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Lose Yourself! : Overcoming Performance Anxiety

You’ve completely blanked on choreography right before an audition. You can’t stand still before your performance. Your palms are sweaty, knees weak, arms are heavy. Hopefully there’s no vomit on your sweater already (mom’s spaghetti!). You’re freaking out but you still have to perform.

How can you overcome stage fright?

Stage fright (better known as performance anxiety) affects millions of people. Dancers, actors, musicians, public speakers, even athletes struggle with conquering the anxiety of performing in front of an audience. Anxiety activates the body’s “fight or flight” response, which is why the symptoms parallel the body’s reactions to real danger.

Performance anxiety symptoms include:

· Excessive sweat or cold/clammy skin

· Increased heart rate

· Rapid, panicked breathing

· Uncontrollable shaking/trembling

· Nausea, dry mouth

· Dizziness

· Trouble seeing, speaking, recalling information

· Negative thinking/self-talk (fear, doubt, and self-sabotage)

· Feeling of losing control

· Irritability

Performance anxiety is simply the body urging you to panic, shut down, and run away. But success requires you to power through and fight that urge, so here are some strategies to LOSE that stage fright:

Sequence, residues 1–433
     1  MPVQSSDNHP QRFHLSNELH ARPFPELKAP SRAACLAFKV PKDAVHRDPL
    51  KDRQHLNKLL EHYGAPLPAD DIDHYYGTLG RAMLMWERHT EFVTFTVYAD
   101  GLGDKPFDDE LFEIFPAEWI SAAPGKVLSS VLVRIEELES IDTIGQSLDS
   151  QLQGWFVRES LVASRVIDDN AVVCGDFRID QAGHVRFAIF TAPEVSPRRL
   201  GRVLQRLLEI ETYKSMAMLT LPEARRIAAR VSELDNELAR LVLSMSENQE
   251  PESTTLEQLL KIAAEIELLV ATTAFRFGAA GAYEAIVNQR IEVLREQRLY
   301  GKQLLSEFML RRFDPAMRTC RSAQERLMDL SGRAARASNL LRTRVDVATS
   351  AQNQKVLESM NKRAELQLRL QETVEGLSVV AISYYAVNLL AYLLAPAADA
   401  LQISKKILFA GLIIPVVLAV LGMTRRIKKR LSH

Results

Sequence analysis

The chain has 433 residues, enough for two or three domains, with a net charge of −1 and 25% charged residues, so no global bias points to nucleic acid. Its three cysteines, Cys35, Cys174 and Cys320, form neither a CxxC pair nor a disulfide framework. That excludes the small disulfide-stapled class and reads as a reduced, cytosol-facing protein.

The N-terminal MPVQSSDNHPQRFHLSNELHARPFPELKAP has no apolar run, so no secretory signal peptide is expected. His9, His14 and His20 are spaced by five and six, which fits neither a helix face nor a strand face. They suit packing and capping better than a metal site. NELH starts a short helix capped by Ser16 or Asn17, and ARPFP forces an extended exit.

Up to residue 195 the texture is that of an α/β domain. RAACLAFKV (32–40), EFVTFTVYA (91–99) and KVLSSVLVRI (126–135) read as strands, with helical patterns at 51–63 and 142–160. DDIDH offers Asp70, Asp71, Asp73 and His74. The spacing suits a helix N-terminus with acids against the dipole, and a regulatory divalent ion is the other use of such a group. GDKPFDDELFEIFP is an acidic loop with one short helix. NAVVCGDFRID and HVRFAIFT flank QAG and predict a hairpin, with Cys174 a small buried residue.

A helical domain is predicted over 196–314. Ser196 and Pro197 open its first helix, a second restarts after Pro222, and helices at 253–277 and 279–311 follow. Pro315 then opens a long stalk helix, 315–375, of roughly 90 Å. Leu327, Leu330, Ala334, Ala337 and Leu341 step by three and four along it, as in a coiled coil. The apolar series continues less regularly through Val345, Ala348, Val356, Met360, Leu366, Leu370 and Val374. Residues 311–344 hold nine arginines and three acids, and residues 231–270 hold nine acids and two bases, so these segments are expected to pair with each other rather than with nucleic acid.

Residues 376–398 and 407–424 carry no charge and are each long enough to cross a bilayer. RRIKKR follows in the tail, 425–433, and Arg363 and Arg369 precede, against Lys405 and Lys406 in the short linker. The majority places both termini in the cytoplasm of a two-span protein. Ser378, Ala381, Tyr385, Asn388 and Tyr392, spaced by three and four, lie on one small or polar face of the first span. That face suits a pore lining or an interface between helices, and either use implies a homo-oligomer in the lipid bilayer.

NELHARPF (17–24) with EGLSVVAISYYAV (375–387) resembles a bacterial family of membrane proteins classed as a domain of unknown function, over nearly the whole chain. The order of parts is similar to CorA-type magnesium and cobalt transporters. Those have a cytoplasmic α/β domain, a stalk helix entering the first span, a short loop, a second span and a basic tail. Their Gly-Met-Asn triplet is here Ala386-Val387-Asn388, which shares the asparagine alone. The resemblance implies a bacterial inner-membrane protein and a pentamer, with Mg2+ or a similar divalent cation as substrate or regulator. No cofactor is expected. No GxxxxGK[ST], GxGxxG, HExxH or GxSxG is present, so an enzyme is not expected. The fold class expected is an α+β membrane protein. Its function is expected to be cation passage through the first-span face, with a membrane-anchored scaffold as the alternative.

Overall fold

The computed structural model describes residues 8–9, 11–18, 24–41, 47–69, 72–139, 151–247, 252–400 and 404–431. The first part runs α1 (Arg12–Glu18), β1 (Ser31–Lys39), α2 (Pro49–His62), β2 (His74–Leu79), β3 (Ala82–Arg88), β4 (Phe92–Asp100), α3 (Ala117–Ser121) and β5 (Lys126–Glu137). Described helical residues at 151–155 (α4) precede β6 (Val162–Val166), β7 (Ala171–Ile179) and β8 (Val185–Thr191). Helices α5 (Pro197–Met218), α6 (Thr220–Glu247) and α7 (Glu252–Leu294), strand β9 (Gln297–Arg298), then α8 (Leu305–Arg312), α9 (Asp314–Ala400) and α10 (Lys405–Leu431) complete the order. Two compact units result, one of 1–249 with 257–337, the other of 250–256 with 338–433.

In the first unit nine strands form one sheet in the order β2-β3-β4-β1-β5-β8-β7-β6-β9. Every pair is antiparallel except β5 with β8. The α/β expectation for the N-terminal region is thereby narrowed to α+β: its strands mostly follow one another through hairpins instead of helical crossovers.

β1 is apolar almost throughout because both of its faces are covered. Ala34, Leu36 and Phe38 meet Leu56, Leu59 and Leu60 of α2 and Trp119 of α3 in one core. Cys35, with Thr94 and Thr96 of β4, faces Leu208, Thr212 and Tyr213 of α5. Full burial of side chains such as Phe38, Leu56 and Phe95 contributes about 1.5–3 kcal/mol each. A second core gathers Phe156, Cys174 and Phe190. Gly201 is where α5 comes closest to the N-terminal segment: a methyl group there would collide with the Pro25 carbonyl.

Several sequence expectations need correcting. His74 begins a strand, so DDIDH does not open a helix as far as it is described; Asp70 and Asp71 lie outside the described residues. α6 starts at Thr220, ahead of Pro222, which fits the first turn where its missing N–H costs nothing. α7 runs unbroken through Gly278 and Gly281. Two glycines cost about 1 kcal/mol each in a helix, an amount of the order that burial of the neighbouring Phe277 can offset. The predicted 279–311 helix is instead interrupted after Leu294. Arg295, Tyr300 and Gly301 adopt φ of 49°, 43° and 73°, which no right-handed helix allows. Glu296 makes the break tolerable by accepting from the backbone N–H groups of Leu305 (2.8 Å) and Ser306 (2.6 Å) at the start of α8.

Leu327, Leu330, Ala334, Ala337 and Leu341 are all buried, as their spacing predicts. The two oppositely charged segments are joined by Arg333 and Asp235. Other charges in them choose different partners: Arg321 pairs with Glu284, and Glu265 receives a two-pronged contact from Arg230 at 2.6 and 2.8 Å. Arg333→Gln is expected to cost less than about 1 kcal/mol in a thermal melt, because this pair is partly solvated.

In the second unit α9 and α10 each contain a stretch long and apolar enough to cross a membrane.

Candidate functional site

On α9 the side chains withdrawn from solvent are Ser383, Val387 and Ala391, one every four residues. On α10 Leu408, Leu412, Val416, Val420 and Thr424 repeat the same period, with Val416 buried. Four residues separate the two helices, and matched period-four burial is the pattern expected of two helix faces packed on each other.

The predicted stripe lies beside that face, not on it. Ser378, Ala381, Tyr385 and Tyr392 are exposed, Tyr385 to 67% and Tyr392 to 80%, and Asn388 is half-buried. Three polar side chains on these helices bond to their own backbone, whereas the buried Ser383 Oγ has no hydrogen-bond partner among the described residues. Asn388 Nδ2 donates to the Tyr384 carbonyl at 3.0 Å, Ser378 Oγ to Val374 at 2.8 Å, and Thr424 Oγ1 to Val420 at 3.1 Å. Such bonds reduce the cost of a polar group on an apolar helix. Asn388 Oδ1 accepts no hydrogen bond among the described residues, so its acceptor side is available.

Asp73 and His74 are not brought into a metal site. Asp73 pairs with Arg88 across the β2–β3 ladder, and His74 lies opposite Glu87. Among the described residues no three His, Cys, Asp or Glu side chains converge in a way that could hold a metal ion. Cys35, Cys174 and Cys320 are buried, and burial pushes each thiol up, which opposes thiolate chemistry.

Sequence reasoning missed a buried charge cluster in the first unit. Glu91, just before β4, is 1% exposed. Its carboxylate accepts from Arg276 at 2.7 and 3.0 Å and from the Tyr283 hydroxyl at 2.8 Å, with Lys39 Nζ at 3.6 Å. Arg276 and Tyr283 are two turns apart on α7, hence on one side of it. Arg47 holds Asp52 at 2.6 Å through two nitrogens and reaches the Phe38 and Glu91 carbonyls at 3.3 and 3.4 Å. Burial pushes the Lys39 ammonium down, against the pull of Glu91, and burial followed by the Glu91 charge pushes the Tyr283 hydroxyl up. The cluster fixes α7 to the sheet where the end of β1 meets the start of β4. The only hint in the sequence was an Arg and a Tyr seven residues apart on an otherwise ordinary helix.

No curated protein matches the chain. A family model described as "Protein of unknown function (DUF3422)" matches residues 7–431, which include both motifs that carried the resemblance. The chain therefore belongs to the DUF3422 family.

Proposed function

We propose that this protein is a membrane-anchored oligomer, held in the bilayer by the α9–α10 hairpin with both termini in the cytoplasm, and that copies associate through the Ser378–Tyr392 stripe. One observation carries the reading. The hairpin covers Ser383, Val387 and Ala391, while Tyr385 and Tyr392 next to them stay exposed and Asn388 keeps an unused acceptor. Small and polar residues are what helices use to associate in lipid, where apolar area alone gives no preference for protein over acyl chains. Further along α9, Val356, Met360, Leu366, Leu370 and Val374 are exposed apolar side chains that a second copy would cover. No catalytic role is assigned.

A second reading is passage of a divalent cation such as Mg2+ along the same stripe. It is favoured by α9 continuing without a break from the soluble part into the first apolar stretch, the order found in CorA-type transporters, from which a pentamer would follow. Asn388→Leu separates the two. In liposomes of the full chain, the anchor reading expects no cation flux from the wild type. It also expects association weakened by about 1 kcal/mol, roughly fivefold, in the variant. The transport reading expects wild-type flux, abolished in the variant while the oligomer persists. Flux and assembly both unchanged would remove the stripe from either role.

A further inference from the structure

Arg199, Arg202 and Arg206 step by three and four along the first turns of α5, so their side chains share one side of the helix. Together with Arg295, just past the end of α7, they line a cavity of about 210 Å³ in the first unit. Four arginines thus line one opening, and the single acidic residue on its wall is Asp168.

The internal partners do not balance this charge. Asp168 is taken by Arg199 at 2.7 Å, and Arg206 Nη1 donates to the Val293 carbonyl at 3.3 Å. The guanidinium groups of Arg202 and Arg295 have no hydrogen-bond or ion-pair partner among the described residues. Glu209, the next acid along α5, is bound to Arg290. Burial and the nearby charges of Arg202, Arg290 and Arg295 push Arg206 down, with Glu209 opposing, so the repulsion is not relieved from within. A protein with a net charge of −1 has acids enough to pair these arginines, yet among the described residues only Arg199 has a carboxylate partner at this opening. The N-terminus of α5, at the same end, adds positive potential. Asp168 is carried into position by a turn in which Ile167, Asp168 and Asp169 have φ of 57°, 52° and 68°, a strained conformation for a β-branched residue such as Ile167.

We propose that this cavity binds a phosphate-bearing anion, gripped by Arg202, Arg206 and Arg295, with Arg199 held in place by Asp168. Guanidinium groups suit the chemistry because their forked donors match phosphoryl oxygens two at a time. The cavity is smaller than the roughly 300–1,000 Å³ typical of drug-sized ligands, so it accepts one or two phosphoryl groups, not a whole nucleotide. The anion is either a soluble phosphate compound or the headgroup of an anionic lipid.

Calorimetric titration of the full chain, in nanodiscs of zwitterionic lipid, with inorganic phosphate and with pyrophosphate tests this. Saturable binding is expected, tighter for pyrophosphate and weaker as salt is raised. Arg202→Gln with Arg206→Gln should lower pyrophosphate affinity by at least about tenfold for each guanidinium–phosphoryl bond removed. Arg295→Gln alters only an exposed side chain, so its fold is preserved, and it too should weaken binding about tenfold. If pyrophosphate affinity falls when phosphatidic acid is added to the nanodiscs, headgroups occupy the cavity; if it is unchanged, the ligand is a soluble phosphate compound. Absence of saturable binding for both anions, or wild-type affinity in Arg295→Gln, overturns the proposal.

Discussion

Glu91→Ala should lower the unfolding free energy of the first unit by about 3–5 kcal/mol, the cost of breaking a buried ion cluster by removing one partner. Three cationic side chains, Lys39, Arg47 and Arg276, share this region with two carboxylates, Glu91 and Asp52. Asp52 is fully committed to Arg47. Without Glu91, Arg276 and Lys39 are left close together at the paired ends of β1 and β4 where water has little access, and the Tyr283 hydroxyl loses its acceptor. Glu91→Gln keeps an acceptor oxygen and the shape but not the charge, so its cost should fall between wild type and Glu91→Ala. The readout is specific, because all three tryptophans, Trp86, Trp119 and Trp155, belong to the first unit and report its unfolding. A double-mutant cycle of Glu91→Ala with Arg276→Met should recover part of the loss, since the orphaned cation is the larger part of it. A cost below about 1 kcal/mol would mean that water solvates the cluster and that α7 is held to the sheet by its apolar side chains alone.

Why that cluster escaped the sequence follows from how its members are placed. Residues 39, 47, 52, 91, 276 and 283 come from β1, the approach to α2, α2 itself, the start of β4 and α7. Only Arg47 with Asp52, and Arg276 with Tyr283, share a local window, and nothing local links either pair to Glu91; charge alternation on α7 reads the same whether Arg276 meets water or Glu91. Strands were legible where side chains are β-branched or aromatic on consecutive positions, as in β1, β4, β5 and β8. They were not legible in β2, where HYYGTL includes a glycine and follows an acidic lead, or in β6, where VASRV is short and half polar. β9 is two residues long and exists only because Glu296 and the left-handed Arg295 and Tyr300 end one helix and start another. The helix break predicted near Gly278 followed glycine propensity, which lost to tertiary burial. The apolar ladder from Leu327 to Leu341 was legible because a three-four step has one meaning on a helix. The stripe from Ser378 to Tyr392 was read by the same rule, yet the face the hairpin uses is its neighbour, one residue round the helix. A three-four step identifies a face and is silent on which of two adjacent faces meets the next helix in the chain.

Look Good, Feel Good- Be intentional about your appearance. Studies show that looking good (whatever that means for you) positively impacts mood! A polished appearance improves self-image, which leads to a more confident self-projection. So, choose comfortable and flattering attire. Style your hair to best complement your wardrobe choices. Be sure your makeup matches your personality and the occasion. Looking your best also minimizes appearance-related stress.

Open Yourself to New Sensations- Anxiety fuels panic, but the exact same adrenaline exists in excitement! Instead of trying to suppress your nerves, re-program it to eagerness, enthusiasm, and elation! Stage fright always fades a few moments into the performance, just have to push through the anticipation!

Shift Focus­- Rather than directing attention to the actual performance, focus on other things. Help another dancer prepare, practice deep breathing exercises, or give yourself something to look forward to after the performance. Thinking about dinner, an upcoming celebration, a treat, or even quality time with friends can minimize the anticipatory anxiety in the moments before performing.

Emphasize Areas of Control­­- Anxiety stems from a feeling of helplessness or a lack of control. Take a few moments to meditate. Remind yourself of all the things you can control. Simple, affirming statements like “I practiced for this,” “I know exactly what I’m doing,” “I am ready,” “I am able,” and “I am prepared” work wonders for the psyche.

Once you begin performing, lose yourself in the moment, the music. You own it!

If your anxiety persists and hinders your ability to function effectively, contact a health professional to see if anti-anxiety medication is right for you.




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